Tag Archives: Labor

When will we live as if the truth is true?

It is not about the Greens, nor even about the teals, it is about the science and the planet. Despite the recent electoral shift, another parliament will desperately evade the truth, that we are destroying our bountiful, beautiful and only life support system.

In a music album by the Canadian group The Weather Station, songwriter Tamara Lindeman sings “At some point you’d have to live as if the truth was true.” The line is in the song Loss and, like the entire album, the reference is both to the loss of a relationship with another person and to our civilisation’s loss of its relationship with the natural world.

As parliament reconvenes with Labor in charge, our society’s relationship with the natural world is front and centre.

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What if we had a government that got serious?

There is so much more we can do, and must do, if we are to survive, let alone thrive.

Instead of drifting for another thirty years, or two hundred, we could go and ask the First People how we can help. Perhaps we could talk to them about negotiating joint sovereignty over this amazing, ancient land.

We could do what the IPCC says we must, based on the science: no new carbon extraction projects, abolish carbon subsidies ($10 billion or more per year) and phase out carbon burning as fast as possible, with net zero by 2035 if not sooner.

We could stop getting tangled up in other people’s disastrous and highly counter-productive wars. China would be far less of a threat to us if we just deal squarely with it instead of pulling the tiger’s tail on behalf of someone else.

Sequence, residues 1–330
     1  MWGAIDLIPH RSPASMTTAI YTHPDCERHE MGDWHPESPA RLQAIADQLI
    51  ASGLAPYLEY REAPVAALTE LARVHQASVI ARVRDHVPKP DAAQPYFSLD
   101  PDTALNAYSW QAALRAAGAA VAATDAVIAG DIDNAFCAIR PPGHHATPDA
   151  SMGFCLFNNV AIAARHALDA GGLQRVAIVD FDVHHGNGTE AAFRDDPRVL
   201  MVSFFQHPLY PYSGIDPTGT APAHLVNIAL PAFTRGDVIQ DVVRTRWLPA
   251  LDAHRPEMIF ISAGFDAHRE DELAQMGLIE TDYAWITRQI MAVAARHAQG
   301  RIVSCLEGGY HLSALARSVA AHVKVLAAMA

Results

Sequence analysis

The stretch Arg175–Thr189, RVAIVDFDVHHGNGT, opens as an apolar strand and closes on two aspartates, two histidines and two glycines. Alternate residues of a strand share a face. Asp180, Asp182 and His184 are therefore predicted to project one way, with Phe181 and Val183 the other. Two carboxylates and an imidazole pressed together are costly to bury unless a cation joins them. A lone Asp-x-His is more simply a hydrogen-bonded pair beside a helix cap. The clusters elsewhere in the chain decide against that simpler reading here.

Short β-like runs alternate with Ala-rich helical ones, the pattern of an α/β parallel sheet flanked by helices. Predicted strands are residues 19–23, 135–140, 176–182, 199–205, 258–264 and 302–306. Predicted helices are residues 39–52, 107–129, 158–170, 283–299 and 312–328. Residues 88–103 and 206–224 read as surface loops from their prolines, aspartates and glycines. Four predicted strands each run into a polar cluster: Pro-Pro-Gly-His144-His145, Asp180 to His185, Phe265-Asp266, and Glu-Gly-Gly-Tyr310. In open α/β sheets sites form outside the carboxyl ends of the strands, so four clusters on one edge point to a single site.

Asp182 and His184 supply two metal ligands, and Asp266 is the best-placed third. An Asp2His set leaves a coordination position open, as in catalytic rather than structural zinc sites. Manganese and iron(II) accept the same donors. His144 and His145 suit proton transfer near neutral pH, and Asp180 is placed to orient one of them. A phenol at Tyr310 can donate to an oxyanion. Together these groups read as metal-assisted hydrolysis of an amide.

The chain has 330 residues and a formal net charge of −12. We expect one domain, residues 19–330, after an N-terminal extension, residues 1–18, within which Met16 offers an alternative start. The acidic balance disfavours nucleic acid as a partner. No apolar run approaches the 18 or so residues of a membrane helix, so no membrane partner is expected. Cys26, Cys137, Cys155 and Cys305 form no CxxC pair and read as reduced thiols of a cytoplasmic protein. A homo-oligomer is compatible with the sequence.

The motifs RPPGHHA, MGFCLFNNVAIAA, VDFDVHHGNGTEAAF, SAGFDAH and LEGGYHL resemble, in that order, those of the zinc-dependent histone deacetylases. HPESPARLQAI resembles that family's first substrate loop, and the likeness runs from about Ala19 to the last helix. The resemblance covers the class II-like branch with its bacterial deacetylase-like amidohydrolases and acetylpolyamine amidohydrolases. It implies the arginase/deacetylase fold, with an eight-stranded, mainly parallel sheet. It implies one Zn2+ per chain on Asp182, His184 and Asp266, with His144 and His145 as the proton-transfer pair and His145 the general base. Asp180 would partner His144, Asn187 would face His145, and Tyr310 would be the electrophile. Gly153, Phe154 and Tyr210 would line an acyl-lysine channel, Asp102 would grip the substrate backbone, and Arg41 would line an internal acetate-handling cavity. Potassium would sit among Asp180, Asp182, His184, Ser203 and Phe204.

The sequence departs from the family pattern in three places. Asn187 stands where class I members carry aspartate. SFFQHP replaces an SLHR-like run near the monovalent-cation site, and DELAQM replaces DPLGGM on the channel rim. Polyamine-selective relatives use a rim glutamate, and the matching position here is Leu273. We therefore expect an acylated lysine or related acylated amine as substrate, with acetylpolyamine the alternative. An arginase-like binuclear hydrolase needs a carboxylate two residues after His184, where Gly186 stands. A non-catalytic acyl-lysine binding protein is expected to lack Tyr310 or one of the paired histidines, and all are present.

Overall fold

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Australia’s Political Culture Is Failing Us, So Elect Independents

[Published at Independent Australia, 3 Nov.]

Helen Haines and Voices for Indi

Our entire mainstream political culture – the old parties, tribes and labels, the media, the commentariat, the adversarial process, the petty squabbling – fails comprehensively to serve our needs and insults our capabilities. Independents offer a glimmer of hope, and we need to get more of them into parliament.

The Coalition Government is with little doubt the most vacuous, incompetent, deluded, irresponsible and malicious of our short Federated history. This is the rabble Labor failed to defeat in the 2019 election. Labor still seems to have little idea what to do, and anyway they have been complicit in a great deal of the damage done to our society since 2001, and in the neglect of urgent issues.

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The Old Tribalism Has Failed Us

Helen Haines and Voices for Indi

[Published 31 May at Independent Australia]

I already wrote about the failures of Labor and the Greens and the flagrant partisanship of the media in bringing about Labor’s shock election loss. The trouble is these problems have been evident for a long time (Labor, Greens) and there is little sign anyone in those parties really understands what is necessary.

Nor is there any new party in the offing that might seize the day. The US has Bernie Sanders and Alexandria Ocasio-Cortez. The UK had Jeremy Corbyn to revive their Labour Party, though he may be sinking into the ancient and corrupt mire of British politics. We have no messiah.

Yet this election has shown us the way forward, if we are open to noticing.

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New eBook: The Rise and Failure of the Radical Right

The Origins of Australia’s Political Disarray

The right-wing ideology of the past 40 years has failed. It was always going to fail, because it is based on nonsense ideas, and because it harms people and the natural world. Australian politics has been dragged far to the right since 1980 because both major parties embraced an agenda promoted by right-wing radicals. Now the radical right’s grip on power is finally slipping. We are poised for a major political re-alignment.

A BetterNature Short Book (14,500 words).

Released 4 May 2017. May the Fourth be with you.

Now available on Amazon.

See more about my books, existing and forthcoming, here.

ALP: Blocking Democracy and a Tolerable Future

Arthur Calwell

Arthur Calwell